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Found 29 results

  1. No, it’s not a tuning fork. A few years ago, I read an article in Fine Woodworking Magazine that featured a craftsman (Toshio Odate) using a chisel like this while making a shoji screen. Upon seeing the chisel, I decided to research it a bit a see if I could locate one on eBay. I learned it was referred to as a nihon mukomachi, was very hard to find in good condition, and could be rather expensive. I didn’t want one so much because I’m always using 1/4” twin tenons in my work (I’m not), but because I, like a couple other guys I know ( looking at you Steve ), just can’t pass up a good deal on a good tool. So after a couple years of searching eBay and a few other vintage tool sellers, I finally found one for a good price. On top of that it came honed, hollow ground, ready to go. The only fault is a tiny split in the handle that I’m not too worried about. The two blades measure exactly 1/4” each and the gap in between is also exactly 1/4”. It also came with a nifty wooden sheath. Anyway, just wanted to share this unique tool with everyone. Cheers.
  2. Folks, does anyone out there have Issue one of Mortise and Tenon Magazine they wouldn't mind selling?
  3. The podcast page for Mortise and Tenon Magazine
  4. What is the difference from a mortise router bit and a spiral up cut for box joints? Can they both be used to make a box joint?
  5. STILL WAITIN ON THIS LEG TO GIT WELL. THOUGH OF THIS. TELL ME WHAT WILL BE RONG WITH IT. YEAW, AT'S RIGHT, I DON'T KNOW PROPER DESCRIPTIVE NAME FOR back leg & back rest?? FOLLOWING WILL BE CUT W/ BAN SAW. CUT OUT FRONT LEGS FROM 2X? " " ARM REST USING 1X MORTISED INTO BACK ??LEG? " " BACK LEG/BACK REST USING 2x8 FOR THE CURVE, hope I can get both sides from 1 2x8, doubt it. BORE HOLES FOR DOWELS THRU SIDE OF SEAT " " 2& 1/4"OR 1/2". ALL DOWELS WILL BE HORIZONTAL INCLUDING FOR THE SEAT. MAYBE 1" DOWELS FOR SEAT. 3/4" FOR BACK. AINT DECIDED BOUT ROCKER ER NOT. STREACHERS = 5/8" FOR/TO LOOK BALANCED Anywho maybe yall kin git an idea.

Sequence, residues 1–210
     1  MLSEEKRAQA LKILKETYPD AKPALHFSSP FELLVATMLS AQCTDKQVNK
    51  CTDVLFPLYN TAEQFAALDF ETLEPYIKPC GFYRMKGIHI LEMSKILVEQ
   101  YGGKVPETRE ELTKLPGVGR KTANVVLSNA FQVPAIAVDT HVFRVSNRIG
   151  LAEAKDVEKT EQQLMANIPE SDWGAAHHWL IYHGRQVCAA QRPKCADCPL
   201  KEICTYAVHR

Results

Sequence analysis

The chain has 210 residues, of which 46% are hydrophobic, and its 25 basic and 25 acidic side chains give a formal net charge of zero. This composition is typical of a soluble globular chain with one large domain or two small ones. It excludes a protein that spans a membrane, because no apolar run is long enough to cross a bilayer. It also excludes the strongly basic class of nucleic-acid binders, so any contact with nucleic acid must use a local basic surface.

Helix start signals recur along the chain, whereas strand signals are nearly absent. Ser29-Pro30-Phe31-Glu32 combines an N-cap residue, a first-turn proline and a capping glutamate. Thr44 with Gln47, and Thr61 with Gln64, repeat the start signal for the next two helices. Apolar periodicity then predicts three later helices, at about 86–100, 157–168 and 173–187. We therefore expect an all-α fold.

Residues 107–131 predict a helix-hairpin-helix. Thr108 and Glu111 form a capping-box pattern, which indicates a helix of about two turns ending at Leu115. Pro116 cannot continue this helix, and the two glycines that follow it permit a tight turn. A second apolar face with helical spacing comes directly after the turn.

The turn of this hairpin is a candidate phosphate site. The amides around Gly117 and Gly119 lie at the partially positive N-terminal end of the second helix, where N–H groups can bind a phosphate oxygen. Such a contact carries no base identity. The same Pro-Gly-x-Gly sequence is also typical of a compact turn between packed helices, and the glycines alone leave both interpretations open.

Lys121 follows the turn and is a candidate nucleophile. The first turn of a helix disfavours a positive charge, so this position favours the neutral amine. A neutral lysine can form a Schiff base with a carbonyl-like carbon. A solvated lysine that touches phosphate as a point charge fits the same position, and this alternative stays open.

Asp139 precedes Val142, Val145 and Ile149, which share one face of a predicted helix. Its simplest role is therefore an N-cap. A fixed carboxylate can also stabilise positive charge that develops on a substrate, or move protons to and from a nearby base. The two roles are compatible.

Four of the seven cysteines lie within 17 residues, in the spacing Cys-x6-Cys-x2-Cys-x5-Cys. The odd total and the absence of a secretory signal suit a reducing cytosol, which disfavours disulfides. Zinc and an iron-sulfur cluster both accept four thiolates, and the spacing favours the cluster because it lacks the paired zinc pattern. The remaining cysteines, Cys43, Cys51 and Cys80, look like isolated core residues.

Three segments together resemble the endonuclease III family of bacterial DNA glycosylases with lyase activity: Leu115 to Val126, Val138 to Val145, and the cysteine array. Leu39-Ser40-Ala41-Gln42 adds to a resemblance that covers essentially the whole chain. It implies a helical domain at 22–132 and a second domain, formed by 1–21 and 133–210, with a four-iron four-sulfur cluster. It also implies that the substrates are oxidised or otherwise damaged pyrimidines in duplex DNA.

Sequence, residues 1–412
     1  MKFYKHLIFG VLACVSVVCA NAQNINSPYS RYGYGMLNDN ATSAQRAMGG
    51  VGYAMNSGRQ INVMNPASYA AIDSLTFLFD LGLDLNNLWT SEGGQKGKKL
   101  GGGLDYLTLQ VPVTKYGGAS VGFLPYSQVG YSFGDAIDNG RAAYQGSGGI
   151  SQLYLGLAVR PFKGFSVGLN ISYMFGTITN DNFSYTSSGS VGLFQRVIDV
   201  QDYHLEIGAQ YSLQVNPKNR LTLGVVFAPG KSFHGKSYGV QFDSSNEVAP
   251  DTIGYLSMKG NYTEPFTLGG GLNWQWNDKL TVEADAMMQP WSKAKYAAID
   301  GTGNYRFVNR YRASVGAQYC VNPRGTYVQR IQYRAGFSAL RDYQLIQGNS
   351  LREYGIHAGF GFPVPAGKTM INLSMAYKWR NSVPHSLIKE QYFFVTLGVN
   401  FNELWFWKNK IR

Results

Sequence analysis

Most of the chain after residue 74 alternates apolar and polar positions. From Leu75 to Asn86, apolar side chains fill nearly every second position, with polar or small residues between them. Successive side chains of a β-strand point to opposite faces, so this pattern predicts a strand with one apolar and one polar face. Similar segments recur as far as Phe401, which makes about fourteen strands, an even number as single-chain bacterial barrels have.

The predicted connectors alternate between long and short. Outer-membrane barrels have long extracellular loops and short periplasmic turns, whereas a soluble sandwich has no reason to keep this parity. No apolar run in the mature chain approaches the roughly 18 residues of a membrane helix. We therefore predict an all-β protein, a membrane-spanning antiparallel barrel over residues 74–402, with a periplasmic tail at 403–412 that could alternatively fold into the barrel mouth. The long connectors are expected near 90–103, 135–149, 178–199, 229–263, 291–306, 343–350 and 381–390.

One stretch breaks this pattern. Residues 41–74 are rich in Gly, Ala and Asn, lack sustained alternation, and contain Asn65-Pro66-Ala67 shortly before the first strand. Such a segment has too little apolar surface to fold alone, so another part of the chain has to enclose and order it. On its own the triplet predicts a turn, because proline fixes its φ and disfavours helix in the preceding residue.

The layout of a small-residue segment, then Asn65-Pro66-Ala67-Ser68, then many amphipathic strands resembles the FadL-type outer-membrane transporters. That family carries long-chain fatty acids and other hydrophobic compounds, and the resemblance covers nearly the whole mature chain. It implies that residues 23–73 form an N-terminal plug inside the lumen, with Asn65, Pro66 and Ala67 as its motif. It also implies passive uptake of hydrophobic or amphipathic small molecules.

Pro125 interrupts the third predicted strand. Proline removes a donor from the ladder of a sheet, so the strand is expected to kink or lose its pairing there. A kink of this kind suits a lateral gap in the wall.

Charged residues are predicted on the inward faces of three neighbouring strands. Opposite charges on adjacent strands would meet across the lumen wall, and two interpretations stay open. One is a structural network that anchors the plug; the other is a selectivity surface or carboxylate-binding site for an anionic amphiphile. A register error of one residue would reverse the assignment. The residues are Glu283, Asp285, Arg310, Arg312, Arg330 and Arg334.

6. OC3

    Curly Cherry Hutch

    From the album: Glenn Davis

    Curly Cherry Hutch with dovetailed casework, sliding dovetailed keyed moulding, mortise and tenon panel doors, dovetailed feet, bookmatched door panels
  7. From the album: Glenn Davis

    Pegged Mortise and Tenon Construction gummy cherry bevel glass mirror
  8. From the album: Glenn Davis

    Figured maple dresser, birdseye drawer sides, raised panel cabinet sides, blum slides, pegged mortise and tenon
  9. From the album: Glenn Davis

    Sliding Dovetail Shelves, Dovetailed case, Sliding Dovetail Keyed Mldgs, Mortise and Tenon Doors, and Repro Antique German Glass Maple bookmatched frame and panel back
  10. OC3

    Cherry display cabinet

    From the album: Glenn Davis

    Cherry display cabinet with curly maple raised panel back and bulletin board, mortise and tenon doors, pegged construction
  11. From the album: Glenn Davis

    Mortise and Tenon Pegged construction
  12. From the album: Glenn Davis

    Mortise and Tenon Construction
  13. The current WOOD Magazine has a good article on "Drill joinery" - screws, dowel joints, pocket screws, Miller Dowels, BeadLock, mortise and tenon joints, etc. Well covered. A couple of other articles on a compact workbench from 2-bys and glue comparisons. Best issue I've seen in a while.
  14. Good video. Glen did a seminar last spring for the Cincinnati Woodworking Club and included techniques such as this.